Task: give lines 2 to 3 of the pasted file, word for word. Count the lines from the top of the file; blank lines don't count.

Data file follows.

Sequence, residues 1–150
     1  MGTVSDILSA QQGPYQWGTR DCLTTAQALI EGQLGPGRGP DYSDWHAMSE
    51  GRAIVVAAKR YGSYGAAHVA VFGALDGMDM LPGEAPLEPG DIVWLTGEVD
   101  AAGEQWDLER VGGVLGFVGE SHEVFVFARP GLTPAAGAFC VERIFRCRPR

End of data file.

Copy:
     1  MGTVSDILSA QQGPYQWGTR DCLTTAQALI EGQLGPGRGP DYSDWHAMSE
    51  GRAIVVAAKR YGSYGAAHVA VFGALDGMDM LPGEAPLEPG DIVWLTGEVD